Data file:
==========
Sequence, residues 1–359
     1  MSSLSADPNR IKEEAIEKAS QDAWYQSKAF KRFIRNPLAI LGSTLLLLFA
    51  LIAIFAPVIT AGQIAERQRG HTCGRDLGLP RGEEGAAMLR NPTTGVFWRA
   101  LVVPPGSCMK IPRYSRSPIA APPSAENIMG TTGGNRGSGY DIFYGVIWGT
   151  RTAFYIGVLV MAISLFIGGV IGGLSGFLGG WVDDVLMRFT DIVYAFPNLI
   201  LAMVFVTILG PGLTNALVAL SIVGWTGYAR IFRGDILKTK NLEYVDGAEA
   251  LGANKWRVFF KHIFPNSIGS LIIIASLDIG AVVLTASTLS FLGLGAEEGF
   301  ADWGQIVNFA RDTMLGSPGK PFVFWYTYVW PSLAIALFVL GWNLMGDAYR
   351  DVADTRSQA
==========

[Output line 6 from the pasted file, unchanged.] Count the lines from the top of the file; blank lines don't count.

   201  LAMVFVTILG PGLTNALVAL SIVGWTGYAR IFRGDILKTK NLEYVDGAEA